Conscious awareness can be liberated to a much higher level when freed up from the shackles of the physical brain.
Modern scientific thinking, now sweeping the field of consciousness studies, theorizes that the brain is a reducing valve, or filter, that reduces primordial consciousness down to a trickle— to provide us our very limited human awareness of the apparent “here and now.”
We appear to be conscious in spite of our brains. This opens the door to developing more complete explanations of human experiences, both mundane and exotic. In fact, Psi phenomena such as telepathy have been confirmed repeatedly in a laboratory setting. The scientific study of consciousness will progress through deeper investigation of such empirical observations about human experience, as opposed to the conventional materialist approach of simply denying the evidence.
Consider the fact that you have never witnessed anything other than the inside of your own consciousness. Paramount in any effort to comprehend reality at a deeper level is to understand that all of that stuff “out there” is actually an internal model: a construct within mind that we presume represents something that should be “out there.”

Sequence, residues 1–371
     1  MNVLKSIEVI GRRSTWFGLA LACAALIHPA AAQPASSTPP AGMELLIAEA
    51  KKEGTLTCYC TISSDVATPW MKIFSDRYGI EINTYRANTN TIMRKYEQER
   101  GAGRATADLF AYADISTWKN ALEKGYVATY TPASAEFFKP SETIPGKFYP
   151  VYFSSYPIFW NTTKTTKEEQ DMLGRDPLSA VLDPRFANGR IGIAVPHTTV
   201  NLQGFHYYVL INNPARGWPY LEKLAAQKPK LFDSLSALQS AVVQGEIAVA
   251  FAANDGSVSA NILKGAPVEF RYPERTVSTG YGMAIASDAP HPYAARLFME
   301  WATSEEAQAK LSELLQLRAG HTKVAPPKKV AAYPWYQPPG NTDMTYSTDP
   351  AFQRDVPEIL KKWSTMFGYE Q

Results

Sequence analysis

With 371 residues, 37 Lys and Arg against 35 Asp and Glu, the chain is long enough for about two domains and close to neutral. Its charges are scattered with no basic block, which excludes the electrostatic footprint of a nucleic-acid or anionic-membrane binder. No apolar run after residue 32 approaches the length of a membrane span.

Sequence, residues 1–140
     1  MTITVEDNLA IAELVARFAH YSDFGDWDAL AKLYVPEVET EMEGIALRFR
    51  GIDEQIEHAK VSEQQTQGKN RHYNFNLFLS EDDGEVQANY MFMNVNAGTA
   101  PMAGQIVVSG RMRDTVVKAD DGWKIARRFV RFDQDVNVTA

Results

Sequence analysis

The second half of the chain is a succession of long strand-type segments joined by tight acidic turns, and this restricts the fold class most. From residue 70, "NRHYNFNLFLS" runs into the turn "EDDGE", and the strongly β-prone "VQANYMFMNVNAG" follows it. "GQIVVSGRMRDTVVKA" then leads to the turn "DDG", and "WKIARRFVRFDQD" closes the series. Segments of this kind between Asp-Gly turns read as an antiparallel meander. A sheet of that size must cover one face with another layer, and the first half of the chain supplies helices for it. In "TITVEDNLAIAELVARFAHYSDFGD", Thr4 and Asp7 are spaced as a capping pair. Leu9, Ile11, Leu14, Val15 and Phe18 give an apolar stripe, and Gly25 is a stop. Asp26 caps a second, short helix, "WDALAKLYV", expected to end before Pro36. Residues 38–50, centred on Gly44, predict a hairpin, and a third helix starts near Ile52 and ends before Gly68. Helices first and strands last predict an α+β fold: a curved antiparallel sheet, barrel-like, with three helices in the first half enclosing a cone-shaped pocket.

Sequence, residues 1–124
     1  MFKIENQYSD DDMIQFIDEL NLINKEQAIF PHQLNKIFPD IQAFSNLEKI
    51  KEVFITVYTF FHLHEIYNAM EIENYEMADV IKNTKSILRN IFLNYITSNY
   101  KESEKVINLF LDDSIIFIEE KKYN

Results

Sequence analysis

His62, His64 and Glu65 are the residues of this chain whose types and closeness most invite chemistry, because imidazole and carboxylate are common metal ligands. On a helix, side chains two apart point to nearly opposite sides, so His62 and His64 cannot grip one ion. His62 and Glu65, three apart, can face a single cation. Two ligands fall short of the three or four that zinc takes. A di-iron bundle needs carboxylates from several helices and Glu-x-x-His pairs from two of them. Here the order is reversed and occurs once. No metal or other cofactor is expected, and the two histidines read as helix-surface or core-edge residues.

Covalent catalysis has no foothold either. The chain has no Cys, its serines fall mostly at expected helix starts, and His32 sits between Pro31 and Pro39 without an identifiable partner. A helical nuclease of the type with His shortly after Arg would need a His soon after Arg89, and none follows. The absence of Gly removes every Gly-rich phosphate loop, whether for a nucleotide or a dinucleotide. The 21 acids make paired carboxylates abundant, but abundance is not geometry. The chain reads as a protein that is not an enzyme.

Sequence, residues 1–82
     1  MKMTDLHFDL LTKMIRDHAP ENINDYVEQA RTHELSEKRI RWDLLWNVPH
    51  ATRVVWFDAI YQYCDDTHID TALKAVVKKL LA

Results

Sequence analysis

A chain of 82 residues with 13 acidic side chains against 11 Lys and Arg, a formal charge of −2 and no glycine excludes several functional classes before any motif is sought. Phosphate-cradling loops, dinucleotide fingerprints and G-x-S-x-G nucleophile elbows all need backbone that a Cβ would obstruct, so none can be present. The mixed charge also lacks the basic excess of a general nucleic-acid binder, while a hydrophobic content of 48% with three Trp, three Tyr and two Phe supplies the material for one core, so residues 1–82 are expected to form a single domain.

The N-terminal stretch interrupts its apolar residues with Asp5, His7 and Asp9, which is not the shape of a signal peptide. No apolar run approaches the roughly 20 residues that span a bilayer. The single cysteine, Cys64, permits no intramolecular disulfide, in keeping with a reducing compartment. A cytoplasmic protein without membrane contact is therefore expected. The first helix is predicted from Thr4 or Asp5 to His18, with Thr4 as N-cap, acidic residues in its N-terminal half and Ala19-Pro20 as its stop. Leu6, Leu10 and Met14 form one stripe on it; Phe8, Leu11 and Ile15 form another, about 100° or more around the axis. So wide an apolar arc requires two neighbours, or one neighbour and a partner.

Our perceptions of the world seem to mask the fundamental truth of it. Rising above this Supreme Illusion offers the opportunity to move beyond the here and now. Meditative practices can help us to rise above the illusion of time and space of physical reality.
An excellent metaphor for this situation is that of asking a fish what it’s like to live in the water. “What water?” the fish might easily challenge. It has never known anything but the water, and thus is oblivious to its existence. Likewise for us, swimming in the sea of consciousness—it is the only thing we’ve ever known.
In your daily practice, notice that when you fully place your focused attention on your breathing, you have entered the “now” moment, where past and future seem no longer to exist. Notice if awareness of your physical body or surroundings seems to lessen.
Beyond Physicalism by Edward Kelly et. al.